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Enola Holmes: The Case of the Missing Marquess

Authored by Nancy Springer
Published by Oxford University Press

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The Case of the Missing Marquess is the first in a series of mysteries featuring Enola, the younger sister of Sherlock Holmes. This historical adventure set mainly in Victorian London successfully combines clues, disguises and sinister villains with an exploration of the attitude towards women at that time.

On her 14th birthday Enola Holmes is not too upset at first when her artistic and slightly absent minded mother does not return home for her birthday celebrations. However, when Enola wakes the following morning to discover that her mother is still absent she has no alternative other than to report her missing and to reluctantly contact her elder brothers, Sherlock and Mycroft. The arrival of these two men disrupts things still further for Enola as they are horrified to learn that they have been misled about the situation at the family home and their sister has not been educated by a governess as they believed and the house and grounds have fallen into a state of disrepair. They decide that Enola must go to boarding school whilst they resolve the mystery of their mother’s disappearance. Enola shows her spirit and resourcefulness by taking matters into her own hands and runs away, aided by the solving of the secret coded messages left for her by her missing mother.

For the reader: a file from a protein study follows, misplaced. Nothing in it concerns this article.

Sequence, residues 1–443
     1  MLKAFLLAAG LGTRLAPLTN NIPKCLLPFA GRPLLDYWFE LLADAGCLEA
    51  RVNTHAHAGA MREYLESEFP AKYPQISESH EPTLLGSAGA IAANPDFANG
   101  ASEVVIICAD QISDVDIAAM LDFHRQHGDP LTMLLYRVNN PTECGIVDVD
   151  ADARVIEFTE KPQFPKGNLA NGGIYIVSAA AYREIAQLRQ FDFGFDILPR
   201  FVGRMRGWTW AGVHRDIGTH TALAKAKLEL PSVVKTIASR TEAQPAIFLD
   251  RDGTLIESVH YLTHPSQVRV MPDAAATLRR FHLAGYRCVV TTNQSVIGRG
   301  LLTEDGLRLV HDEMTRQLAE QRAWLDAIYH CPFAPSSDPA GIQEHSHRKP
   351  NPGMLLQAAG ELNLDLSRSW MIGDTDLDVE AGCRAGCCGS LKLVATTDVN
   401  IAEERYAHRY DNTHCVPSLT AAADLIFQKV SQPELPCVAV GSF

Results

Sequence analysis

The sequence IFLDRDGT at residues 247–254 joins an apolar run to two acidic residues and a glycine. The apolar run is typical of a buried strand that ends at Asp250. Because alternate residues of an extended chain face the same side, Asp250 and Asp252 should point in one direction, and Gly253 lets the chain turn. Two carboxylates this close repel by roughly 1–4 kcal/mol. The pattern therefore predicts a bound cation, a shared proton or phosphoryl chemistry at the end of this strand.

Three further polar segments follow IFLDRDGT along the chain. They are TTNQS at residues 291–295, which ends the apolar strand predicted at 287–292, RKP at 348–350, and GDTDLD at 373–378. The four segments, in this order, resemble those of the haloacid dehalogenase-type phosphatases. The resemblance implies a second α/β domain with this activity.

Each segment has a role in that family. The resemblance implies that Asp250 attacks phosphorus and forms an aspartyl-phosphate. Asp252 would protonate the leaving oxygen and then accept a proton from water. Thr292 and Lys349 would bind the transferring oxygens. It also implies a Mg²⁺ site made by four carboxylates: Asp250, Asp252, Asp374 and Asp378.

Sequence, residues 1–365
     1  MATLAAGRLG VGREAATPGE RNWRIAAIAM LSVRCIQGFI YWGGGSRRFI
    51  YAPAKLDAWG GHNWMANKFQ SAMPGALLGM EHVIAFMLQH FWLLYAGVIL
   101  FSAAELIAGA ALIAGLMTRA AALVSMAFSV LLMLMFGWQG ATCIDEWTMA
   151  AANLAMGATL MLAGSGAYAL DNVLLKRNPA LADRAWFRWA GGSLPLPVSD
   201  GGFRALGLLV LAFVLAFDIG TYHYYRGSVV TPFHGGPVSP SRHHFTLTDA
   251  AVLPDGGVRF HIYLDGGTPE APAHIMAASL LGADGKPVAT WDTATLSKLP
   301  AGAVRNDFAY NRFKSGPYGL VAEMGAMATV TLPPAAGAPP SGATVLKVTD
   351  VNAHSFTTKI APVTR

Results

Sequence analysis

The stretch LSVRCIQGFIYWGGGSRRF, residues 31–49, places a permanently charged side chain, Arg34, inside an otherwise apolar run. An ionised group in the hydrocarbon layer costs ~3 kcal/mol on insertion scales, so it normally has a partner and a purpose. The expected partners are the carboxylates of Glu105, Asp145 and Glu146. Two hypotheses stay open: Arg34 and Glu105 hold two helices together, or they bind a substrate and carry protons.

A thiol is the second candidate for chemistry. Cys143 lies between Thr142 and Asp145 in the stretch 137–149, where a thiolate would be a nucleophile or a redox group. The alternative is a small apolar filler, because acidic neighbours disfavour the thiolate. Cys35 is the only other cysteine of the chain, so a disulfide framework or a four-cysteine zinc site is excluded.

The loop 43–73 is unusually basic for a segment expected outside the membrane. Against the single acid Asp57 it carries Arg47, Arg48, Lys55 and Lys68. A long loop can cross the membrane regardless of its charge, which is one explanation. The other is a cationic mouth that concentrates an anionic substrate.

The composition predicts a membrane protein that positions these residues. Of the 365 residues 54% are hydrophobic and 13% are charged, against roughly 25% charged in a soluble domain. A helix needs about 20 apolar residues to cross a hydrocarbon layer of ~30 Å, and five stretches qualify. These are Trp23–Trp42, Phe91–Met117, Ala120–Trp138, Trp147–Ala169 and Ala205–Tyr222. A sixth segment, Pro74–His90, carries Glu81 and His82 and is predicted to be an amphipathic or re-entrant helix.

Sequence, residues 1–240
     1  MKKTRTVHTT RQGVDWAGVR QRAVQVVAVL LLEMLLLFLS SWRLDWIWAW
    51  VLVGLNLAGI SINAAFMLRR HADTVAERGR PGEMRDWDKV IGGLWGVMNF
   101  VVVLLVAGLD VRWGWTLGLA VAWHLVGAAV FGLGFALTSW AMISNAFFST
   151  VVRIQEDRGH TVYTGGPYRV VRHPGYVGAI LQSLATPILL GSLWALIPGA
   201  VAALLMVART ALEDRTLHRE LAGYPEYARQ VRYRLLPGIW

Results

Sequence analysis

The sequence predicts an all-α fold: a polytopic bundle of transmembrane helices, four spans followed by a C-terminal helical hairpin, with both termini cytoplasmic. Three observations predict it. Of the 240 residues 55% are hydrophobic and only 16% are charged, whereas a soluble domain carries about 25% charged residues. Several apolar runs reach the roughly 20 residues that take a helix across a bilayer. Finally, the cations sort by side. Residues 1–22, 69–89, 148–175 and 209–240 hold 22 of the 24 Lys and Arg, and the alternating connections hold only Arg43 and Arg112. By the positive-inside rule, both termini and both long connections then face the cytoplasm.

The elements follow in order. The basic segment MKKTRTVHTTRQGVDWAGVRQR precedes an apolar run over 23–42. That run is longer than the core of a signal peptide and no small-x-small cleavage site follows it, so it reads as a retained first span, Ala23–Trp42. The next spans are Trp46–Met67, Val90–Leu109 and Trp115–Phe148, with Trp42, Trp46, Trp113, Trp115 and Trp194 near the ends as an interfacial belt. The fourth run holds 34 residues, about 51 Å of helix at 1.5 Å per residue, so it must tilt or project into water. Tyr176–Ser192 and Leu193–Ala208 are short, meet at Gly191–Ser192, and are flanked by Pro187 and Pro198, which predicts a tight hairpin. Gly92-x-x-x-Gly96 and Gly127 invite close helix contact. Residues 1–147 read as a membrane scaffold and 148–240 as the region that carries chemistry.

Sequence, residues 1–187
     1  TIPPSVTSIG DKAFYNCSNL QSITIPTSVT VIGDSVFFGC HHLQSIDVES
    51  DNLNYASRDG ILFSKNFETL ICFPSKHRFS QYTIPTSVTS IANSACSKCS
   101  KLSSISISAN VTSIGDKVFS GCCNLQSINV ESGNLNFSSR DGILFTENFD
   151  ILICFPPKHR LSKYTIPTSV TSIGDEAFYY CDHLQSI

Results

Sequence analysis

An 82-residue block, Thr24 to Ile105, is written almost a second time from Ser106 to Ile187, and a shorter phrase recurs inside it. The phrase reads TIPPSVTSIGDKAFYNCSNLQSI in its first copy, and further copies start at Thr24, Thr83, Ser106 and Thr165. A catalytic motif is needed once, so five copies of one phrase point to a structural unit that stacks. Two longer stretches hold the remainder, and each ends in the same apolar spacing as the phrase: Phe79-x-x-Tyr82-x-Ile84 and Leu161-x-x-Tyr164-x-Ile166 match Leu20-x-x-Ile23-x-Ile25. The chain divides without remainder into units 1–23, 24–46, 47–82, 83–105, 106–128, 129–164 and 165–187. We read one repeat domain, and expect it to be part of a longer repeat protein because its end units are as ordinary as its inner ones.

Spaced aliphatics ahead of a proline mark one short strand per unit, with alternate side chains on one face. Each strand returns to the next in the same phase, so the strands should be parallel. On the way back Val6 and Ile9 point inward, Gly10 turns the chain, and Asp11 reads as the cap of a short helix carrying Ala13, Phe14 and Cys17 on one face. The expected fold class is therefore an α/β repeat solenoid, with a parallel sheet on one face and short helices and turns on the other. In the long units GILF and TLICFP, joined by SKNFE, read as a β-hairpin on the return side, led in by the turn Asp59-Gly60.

Set in the late 19th century and written in a style reminiscent of that era creating a period feel and with vivid descriptions of the various settings in which the story takes place this story has a strong sense of both time and place. Enola herself is intelligent and independent but, lacking in experience and not without fear, she is also apt to make mistakes and this makes her a relatable character to young readers.  Although Enola has led a sheltered life she has a positive approach to the problems that are thrown at her. When her two, much older, brothers arrive they display a dismissive attitude to women, and in particular towards Enola and her mother. The manner in which the young girl uses some of the tools that limit women in many ways to her own advantage is resourceful. The fashions of the time, the corsets and the bustles, the veiling of the face and the heavy mourning clothing are all utilised to help her in her quest. Once embarked on her journey Enola becomes involved in another disappearance, that of the 12 year old Viscount Tewkesbury, Marquess of Basilweather. It is then that Enola’s bravery is put to the test in an exciting fashion. 

The subject matter would be a useful prompt for discussion in both the classroom and book groups about the attitudes towards and treatment of women in Victorian England and how this led to the Suffrage moment. The story itself successfully sets the scene for the subsequent series and Enola is an appealing character developing as the plot continues. Mysteries, especially those that a reader can follow in a series, have long been popular and this fits well into that gap between middle grade and YA fiction.